Wednesday, August 20, 2008

god in the house

I stopped by the front desk yesterday on my way out and noticed a big stack of magazines from a religious group. Titles like “who is God” and “what happens when I die” While forcing myself not to pick up the latter I asked the folks at the front why they were there. Some people drop them off regularly one of them said. It’s the eternal confluence of church and state, folks from faith based organizations help us a lot, but the sometimes covert and often overt tension is ever present. Without the support of local churches and religious organizations we would suffer, they offer donations and groups of folks to help with food and supplies. Their service is invaluable and yet I’ve never been able to reconcile the underlying mission of saving souls. Raised on the bible, I know the call for witness but I also know the deeper example of compassion and service to the poor and I wish the latter didn’t always mean the former had to crowd its way into the room.

So I said I’d prefer they were moved, that this information shouldn’t be the first thing folks see when coming to us for help because we are not a faith based organization and if we were representing one faith I’d prefer to represent them all. We have generous folks from Buddhist communities, from synagogues, a very large group of supporters who follow a guru rather than a deity but there is a subtle difference, their service is the highlight, service based on the strength of their convictions with virtually no proslethysing, a standard that settles better into this heathen’s soul. So one of the guys grabbed the stack and tossed them into the trash while another gasped out loud. Some folks want to read that, she said. It gives them comfort.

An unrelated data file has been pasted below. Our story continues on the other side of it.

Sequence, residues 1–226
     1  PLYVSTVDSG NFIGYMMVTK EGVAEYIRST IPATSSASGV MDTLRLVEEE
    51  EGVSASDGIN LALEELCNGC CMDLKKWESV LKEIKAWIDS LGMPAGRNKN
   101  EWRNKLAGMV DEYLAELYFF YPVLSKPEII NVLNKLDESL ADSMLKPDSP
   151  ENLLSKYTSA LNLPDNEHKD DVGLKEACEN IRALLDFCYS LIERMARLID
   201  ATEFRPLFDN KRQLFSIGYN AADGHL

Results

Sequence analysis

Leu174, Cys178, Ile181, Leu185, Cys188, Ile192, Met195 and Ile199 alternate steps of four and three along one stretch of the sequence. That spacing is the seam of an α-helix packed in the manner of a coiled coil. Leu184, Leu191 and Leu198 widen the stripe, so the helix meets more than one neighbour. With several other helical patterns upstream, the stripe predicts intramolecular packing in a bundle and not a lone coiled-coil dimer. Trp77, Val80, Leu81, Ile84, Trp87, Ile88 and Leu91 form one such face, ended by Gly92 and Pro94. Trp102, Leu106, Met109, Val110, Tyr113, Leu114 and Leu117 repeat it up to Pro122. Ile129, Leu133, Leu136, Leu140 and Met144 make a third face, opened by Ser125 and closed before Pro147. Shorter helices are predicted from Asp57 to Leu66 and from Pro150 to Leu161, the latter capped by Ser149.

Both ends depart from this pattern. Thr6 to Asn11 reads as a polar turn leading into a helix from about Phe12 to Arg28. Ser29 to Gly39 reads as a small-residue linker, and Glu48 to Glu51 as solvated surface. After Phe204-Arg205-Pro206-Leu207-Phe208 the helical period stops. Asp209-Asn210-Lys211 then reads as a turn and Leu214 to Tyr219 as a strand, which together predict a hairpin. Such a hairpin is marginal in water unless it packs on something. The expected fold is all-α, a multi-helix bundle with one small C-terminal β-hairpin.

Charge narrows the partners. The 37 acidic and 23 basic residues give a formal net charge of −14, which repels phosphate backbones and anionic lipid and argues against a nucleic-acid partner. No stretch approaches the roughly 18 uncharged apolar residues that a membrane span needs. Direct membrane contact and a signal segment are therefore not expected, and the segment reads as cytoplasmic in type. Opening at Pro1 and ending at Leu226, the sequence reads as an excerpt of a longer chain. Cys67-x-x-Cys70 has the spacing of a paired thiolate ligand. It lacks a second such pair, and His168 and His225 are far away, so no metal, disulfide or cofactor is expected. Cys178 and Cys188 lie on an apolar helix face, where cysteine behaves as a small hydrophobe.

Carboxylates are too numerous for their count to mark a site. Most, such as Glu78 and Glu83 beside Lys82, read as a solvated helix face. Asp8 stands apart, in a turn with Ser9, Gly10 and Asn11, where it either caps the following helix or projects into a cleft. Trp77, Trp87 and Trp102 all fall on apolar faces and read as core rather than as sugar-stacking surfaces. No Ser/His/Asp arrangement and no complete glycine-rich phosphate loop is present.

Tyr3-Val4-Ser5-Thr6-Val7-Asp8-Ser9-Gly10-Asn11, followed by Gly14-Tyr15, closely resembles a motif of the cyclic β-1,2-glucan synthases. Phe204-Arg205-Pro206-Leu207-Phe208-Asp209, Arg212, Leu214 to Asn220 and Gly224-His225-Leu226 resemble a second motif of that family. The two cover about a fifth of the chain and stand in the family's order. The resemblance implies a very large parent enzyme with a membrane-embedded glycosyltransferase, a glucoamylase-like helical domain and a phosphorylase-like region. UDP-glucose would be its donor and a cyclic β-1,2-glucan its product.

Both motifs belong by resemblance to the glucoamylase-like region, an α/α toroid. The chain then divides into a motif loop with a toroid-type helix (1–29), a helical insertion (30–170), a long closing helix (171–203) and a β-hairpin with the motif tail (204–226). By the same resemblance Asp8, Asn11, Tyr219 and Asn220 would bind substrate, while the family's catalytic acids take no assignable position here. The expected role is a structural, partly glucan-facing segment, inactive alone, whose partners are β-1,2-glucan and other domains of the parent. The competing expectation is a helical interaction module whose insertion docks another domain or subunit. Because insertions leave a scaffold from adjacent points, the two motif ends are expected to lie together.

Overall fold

And I thought he’d acted hastily, I didn’t ask him to toss them, (at the very least I’d insist on recycling) and the divergence of beliefs settles itself right there at the counter, all eyes waiting to see how we'll be splitting this baby. So I asked them to place them in the back where other referrals are kept, so at least they’d be part of a larger representation even if none of the other information is religious. He looks at me and shrugs and digs them out and walks off.

I rail against knowing our place in the fight to save souls, if we stand merely as a staging ground for salvation or if we should simply chalk all of it up to free will and make sure our soup is always hot. We need these groups to keep the wheels turning and yet I know I don’t want the people we serve feeling that they have to subscribe to a belief system and I don’t particularly want volunteers acting as crusaders, offering to drive folks to their church with the promise of a Sunday meal means some might go just for the food and will have to tolerate your message in order to fill their bellies and others will feel full from both.